“We’re playing on the exact same date that we played for free outside the festival in 1970, and in the exact same place. We got hold of the same field, and we’re putting on our own Hawkwind festival, at exactly the same place and the same time.” They’re choosing their own supporting bill, too, from a mass of new and unsigned bands that sent their own CDs into the Hawkwind office. “A lot of young bands send their CDs in and we listen to them, we choose the best ones and get them to play there. There’s a lot of good young bands around.
The Isle of Wight, of course, is just the latest in a string of events that Hawkwind have played in recent years, celebrating one rock anniversary or another; last year, they marked their own official birthday by returning to the corner of west London where it all began, Notting Hill Gate, for the aforementioned Porchester Hall show.
There, joined by another psychedelic survivor, Bob Kerr (whose Whoopee Band were among the precursors to the Bonzo Dog Band), Hawkwind almost literally turned the clock back. “It was wonderful. We had a good old psychedelic light show, and the hall is still the same as it was. It’s part of a public baths and they have a swimming pool there as well – when I lived in Notting Hill Gate, I used to go there for my bath… ‘more hot water in #17 please.’ Anyway, this time, I went in the wrong entrance; I came in carrying my amp, and the woman at the ticket office was ‘oh, you’re going in the wrong entrance, my love, this is the baths!’
“It’s a beautiful building. Old wood, fantastic carvings, huge chandeliers, and a balcony round the top of the hall. We had the light show projected across it, so people could sit around and look at the ceiling. We only let 500 people in, and it was like taking a step back in time. It’s a lovely old place.”
And there’ll be more old friendships renewed, and old memories rekindled, when Hawkwind return to North America in March next year. “Hopefully. Right now we’re planning to go to Toronto, and then get a tri-state tour together… New York, Boston, Buffalo, and Cleveland, the three states.”
The tour is still in the early planning phase, but there’s one element of the operation that Brock is already steeling himself in preparation for – obtaining the necessary visas to enter the United States.
“We have to get visas well in advance, and that can take four or five months. We have to queue up outside the US embassy in London at 7 30 in the morning, with all the journalists and sports personalities who waiting for their interviews as well. And then, when you get to the other end, you have to sit and explain all the stupid things you did as a child. I’ve got a drug bust for growing a marijuana plant, and every time, I get taken away for an interview about marijuana… to explain why, forty-five years ago, I was growing marijuana.”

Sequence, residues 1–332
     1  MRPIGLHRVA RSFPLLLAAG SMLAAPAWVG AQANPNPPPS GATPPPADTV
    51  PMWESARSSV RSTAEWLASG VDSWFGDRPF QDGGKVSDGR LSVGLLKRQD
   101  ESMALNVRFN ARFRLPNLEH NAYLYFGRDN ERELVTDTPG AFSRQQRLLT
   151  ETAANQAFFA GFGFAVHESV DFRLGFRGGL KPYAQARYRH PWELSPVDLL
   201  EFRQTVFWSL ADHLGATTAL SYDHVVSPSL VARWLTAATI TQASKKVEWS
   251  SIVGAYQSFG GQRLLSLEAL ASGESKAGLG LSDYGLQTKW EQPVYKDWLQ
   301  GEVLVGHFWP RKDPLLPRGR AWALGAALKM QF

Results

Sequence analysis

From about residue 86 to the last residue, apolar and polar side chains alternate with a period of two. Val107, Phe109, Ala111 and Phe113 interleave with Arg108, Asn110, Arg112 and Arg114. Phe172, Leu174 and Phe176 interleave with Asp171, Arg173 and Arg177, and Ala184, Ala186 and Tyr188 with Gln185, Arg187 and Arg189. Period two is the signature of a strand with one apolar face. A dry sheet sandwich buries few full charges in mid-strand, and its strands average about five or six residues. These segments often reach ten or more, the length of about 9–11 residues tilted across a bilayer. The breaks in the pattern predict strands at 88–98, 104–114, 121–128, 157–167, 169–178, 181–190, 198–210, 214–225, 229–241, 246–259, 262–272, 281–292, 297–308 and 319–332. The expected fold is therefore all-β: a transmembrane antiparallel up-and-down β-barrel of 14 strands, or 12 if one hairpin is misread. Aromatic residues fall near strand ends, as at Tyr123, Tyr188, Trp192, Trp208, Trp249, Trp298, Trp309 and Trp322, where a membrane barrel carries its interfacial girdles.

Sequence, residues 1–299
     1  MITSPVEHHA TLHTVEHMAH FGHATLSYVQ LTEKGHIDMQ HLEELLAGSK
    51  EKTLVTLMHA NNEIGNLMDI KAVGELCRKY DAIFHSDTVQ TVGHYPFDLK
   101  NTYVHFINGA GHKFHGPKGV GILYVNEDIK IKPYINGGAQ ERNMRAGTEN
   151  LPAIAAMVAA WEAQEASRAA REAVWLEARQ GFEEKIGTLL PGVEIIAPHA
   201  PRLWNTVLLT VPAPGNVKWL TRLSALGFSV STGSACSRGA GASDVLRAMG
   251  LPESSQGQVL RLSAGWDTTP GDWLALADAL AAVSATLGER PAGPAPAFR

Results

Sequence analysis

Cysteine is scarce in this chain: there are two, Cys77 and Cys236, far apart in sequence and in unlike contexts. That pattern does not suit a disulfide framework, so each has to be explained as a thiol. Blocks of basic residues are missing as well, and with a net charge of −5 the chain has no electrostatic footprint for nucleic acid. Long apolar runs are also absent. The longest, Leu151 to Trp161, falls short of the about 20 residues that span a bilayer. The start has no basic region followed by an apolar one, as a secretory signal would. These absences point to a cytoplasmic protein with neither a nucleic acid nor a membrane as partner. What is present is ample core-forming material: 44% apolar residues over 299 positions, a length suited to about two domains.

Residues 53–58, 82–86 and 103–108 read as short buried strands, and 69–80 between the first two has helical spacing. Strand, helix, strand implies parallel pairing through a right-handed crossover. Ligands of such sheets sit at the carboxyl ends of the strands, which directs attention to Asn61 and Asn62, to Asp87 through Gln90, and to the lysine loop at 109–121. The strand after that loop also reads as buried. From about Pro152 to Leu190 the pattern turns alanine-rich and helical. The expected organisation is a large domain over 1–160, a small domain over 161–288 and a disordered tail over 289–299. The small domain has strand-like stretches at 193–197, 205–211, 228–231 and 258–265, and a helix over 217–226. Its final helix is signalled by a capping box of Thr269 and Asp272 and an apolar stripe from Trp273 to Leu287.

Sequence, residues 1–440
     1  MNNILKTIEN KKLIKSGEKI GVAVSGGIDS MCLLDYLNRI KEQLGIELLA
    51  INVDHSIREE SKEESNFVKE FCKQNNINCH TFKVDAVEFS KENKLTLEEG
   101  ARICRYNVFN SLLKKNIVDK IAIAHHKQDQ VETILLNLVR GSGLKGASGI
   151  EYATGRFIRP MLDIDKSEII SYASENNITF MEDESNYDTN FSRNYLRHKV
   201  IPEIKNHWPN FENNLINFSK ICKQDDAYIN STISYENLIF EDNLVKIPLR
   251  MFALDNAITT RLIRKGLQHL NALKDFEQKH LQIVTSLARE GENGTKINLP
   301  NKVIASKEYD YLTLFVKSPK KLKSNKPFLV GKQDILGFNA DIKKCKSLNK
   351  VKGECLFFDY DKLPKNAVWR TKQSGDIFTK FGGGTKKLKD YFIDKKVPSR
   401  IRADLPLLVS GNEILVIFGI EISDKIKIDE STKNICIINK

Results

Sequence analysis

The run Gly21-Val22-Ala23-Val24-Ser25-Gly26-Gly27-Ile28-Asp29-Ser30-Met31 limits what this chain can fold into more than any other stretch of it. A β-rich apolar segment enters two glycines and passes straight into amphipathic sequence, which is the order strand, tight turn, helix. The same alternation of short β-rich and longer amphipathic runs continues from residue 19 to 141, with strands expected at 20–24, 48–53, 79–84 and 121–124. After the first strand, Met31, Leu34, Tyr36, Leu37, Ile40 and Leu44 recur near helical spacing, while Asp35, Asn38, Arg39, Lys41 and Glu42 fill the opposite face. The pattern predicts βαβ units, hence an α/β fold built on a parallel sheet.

The irony of the situation does not escape him. Like Hawkwind itself, some things just won’t go away!
A VERY SELECTIVE HAWKWIND DISCOGRAPHY
1971 In Search of Space
1972 Doremi Fasol Latido
1973 Space Ritual (live)
1974 Hall of the Mountain Grill
1975 Warrior on the Edge of Time
1976 Roadhawks (compilation)
1976 Astounding Sounds, Amazing Music
1977 Quark, Strangeness and Charm
1977 Masters of the Universe (compilation)
1978 25 Years On – Hawklords
1980 Live Seventy Nine (live)
1980 The Weird Tapes (multiple volumes: live / studio 1966-1983)
1980 Repeat Performance (compilation)
1981 Sonic Attack
1982 Choose Your Masques
1982 Church of Hawkwind
1982 Friends & relatives (three volumes: compilation)
1983 The Text of Festival (live 1970-1971)
1983 Zones (recorded 1980 and 1982)
1984 Bring Me the Head of Yuri Gagarin (live 1973)
1984 Space Ritual Volume 2 (live 1972)
1984 This Is Hawkwind, Do Not Panic (live 1980 and 1984)
1985 Hawkwind Anthology (live / studio 1967-1982)
1985 The Chronicle of the Black Sword
1986 Live Chronicles (live)
1987 Out & Intake (live / studio 1982 and 1986)
1988 The Xenon Codex
1990 Space Bandits
1991 BBC Radio 1 Live in Concert (live 1972)
1991 Palace Springs (live)
1992 California Brainstorm (live 1990)
1992 Electric Tepee
1992 Hawklords Live (live 1978)
1992 The Friday Rock Show Sessions (radio 1985)
1993 It Is the Business of the Future to Be Dangerous
1994 The Business Trip (love)
1995 Alien 4
1995 Undisclosed Files Addendum (live 1984 and 1988)
1995 White Zone – Psychedelic Warriors
1995 25 Years On (box set)
1996 Love in Space (live)
1997 Distant Horizons
1997 The 1999 Party (live 1974)
1999 Choose Your Masques: Collectors Series Volume 2 (archive 1982)
1999 Complete ’79: Collectors Series Volume 1 (live 1979)
1999 Glastonbury 90 (live 1990)
1999 Hawkwind 1997 (live)
1999 Epoch Eclipse (box set)
1999 In Your Area (live / studio)
2000 Atomhenge 76 (live 1976)
2001 Yule Ritual (live)
2002 Canterbury Fayre 2001 (live)
2002 Live 1990 (live 1990)
2004 Spaced Out in London (live)
2005 Take Me to Your Leader
2006 Take Me to Your Future (audio / video)
2007 Greasy Truckers Party (live 1972)
2008 Knights of Space (live)
2008 Minneapolis, 4 October 1989 (live 1989)
2008 Spirit of the Age: An Anthology 1976-1984 (box set)
2008 The Dream Goes On (1985-on box set)
2008 Reading University, 19 May 1992 (live 1992)
2009 Live ’78 (live 1978)
2010 Live at the BBC 1972 (live / radio 1972)
2010 Blood of the Earth
For related items that you may enjoy in our Goldmine store:
• Buy the brand new edition of “Goldmine Standard Catalog of American Records 1948-1991, 7th Edition”